Intense B.C. wildfires 'snowing' ash

Ash from wildfires in B.C.'s Cariboo region is falling like snow in Williams Lake, where the Environment Ministry has rated the air quality as the poorest in the province.
The Binta Lake fire has grown to 310 square kilometres. ((CBC))
Ash from wildfires in B.C.'s Cariboo region is falling like snow in Williams Lake, where the Environment Ministry has rated the air quality the poorest in the province.

Guests at a hotel in the city are complaining about conditions that are causing some to cough and wheeze, said Katrina Buckland, who works at the front desk.

"When you go outside after about nine o'clock when it gets dark here, all the ash in the air, you can actually see it falling, and we've been making a joke that it's actually snowing in August around here," she said.

Intense, choking smoke from wildfires in the Cariboo is also affecting air quality in Kamloops, B.C., where stores began closing their doors and residents were asked to stay inside.

Smoke drifting as far east as Alberta has prompted the province's chief medial officer of health to warn residents with breathing problems to say indoors.

B.C.'s  Environment Ministry advised children and the elderly to avoid strenuous outdoor activities.

Smoke concentrations in the Thompson Valley will vary widely, depending on winds, temperatures and forest fire activity, the ministry said.

Flights cancelled

Six Air Canada Jazz flights in and out of the Kamloops, B.C., airport were cancelled late Thursday because of poor visibility.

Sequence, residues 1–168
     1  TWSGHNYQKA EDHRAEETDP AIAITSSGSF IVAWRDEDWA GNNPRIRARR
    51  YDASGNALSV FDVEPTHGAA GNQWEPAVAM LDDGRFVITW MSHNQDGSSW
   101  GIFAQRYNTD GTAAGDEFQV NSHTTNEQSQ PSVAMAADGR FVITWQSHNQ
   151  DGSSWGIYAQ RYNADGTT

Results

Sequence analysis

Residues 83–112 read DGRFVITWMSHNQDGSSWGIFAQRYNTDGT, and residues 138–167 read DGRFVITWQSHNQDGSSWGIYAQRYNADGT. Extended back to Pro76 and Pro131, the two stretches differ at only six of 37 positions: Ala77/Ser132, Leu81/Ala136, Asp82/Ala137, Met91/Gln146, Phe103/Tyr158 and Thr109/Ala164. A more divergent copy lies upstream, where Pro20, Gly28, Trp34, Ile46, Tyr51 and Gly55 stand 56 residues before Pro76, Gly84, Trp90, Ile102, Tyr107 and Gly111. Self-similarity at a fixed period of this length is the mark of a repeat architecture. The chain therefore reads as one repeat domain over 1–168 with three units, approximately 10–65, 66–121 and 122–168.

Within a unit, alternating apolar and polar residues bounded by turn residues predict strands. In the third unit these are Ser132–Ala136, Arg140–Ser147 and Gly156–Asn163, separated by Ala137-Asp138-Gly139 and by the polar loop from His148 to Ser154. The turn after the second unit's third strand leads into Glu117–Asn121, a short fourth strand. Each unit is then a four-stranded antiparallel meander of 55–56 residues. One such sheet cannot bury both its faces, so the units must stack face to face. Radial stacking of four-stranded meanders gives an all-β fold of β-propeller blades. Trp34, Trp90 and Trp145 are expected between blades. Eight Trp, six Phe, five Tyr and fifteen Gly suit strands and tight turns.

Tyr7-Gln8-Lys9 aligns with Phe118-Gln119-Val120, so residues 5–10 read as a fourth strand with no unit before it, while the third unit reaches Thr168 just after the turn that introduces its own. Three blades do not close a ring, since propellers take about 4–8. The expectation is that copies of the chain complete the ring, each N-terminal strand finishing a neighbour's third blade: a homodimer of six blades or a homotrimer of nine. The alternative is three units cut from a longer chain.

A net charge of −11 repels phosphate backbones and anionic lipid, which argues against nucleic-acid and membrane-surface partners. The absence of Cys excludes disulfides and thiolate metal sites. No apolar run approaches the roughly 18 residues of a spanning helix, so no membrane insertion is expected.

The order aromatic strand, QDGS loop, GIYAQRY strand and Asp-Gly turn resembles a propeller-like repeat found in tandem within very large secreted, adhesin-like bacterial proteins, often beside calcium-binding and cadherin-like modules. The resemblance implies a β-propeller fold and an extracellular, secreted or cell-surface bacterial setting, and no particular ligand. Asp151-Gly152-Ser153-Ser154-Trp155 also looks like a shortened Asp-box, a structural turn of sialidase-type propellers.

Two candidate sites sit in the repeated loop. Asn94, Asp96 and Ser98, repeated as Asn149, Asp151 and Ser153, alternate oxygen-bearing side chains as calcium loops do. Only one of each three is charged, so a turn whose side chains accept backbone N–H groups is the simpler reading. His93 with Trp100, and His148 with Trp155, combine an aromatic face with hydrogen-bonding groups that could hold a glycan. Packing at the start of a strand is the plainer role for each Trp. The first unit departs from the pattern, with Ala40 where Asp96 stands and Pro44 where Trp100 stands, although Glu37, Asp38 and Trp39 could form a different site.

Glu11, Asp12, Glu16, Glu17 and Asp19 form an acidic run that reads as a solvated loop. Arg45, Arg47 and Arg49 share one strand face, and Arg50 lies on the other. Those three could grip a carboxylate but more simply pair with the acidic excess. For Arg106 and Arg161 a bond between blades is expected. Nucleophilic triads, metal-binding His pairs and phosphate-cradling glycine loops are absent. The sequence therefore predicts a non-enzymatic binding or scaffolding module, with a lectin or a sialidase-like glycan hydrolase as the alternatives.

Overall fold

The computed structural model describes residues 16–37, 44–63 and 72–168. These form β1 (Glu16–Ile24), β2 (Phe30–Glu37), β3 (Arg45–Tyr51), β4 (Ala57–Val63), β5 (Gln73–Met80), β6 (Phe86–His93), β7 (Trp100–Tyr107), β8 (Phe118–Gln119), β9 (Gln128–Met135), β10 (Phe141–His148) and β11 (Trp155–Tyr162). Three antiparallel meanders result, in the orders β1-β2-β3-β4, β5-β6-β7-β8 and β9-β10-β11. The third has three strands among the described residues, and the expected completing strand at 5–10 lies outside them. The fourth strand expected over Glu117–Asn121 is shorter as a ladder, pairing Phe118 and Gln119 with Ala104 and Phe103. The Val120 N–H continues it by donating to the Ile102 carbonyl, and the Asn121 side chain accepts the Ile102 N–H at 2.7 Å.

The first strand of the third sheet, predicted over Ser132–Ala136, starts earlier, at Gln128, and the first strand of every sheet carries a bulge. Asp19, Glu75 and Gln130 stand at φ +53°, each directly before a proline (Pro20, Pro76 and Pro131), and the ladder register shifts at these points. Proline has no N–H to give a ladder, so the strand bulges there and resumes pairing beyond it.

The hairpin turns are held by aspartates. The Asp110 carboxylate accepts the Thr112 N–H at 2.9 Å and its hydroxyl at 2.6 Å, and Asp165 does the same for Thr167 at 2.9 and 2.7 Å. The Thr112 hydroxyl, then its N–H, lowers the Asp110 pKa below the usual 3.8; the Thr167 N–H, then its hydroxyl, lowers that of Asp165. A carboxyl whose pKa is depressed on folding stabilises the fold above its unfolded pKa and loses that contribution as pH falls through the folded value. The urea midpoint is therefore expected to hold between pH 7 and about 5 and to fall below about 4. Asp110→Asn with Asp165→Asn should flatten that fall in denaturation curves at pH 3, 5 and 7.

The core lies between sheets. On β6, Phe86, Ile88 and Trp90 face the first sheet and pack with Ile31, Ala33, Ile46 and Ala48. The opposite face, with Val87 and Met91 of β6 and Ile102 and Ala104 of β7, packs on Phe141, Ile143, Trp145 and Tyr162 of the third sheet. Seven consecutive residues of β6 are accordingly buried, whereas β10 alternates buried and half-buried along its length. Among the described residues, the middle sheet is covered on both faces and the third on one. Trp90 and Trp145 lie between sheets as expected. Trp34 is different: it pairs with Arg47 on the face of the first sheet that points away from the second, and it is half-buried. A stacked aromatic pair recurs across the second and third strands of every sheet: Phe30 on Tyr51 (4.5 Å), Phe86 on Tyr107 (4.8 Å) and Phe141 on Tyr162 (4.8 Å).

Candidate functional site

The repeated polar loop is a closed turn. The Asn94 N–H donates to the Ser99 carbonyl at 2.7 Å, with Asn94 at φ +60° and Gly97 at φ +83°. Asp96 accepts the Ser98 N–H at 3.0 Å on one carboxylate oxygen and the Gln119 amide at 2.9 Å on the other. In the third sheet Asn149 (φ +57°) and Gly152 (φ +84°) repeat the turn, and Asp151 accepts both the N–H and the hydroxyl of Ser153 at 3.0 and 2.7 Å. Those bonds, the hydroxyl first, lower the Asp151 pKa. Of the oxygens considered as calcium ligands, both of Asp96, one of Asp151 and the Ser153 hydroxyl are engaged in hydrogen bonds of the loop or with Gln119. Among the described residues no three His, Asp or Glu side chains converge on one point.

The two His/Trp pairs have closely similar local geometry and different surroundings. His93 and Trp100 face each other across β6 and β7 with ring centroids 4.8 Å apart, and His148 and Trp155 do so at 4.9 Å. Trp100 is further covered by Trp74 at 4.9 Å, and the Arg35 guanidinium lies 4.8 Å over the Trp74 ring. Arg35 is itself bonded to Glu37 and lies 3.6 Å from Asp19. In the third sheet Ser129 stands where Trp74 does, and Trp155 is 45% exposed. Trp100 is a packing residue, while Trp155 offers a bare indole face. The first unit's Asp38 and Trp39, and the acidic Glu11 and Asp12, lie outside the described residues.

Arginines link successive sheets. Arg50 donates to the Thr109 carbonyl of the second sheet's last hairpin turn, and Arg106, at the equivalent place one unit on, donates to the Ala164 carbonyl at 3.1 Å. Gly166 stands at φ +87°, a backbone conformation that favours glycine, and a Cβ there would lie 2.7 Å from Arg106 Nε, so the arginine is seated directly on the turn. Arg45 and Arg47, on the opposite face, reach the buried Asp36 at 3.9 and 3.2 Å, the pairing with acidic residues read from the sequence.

The airport is asking travellers and those expecting flights to check its website to determine if flights are delayed.

Forest service planes began checking huge areas of B.C.'s charred woodlands early Thursday morning, trying to determine if erratic overnight winds caused any wildfire flare-ups.

Fire information officer Gwen Eamer said the northwestern corner of the province took the brunt of a weather system, packing winds of up to 60 kilometres an hour.

Smoke billows thousands of metres into the air from the Binta Lake fire. ((CBC))
She said blazes in the Bulkley-Nechako area, on the inner central coast, grew significantly while 52 active fires in the Cariboo region of the central Interior were not as hard hit.

More than 2,200 people have been forced out of their homes across the province during the last three weeks, said Shelly Burich, a spokeswoman for the Cariboo Regional District.

Burich said some people have been able to return, but others have had to leave their properties more than once.

Some evacuees return

Improved conditions on Thursday meant several evacuation alerts and orders were lifted within the regional district, Burich said.

An evacuation alert for residents of 439 homes from the central Chilcotin has been lifted, as was an evacuation order for people from 306 properties in the Anahim Lake area and Heckman Pass.

Most fires in the province grew by only five or 10 per cent overnight, significantly less than originally anticipated, Forests Minister Pat Bell said.

However, Bell said a fire at Binta Lake, about 500 kilometres north of Vancouver, has grown threefold to about 310 square kilometres.

"We're watching this one very closely," he said.

Chris Duffy, director of operations for Emergency Management B.C., formerly known as the Provincial Emergency Program, said people from 728 properties are currently out of their homes across the province and that a further 1,138 homes are on evacuation alert.

About 270 fires were still active across the province late Thursday.

More than 1,980 square kilometers of forest have burned in B.C. so far this year, according to ministry figures.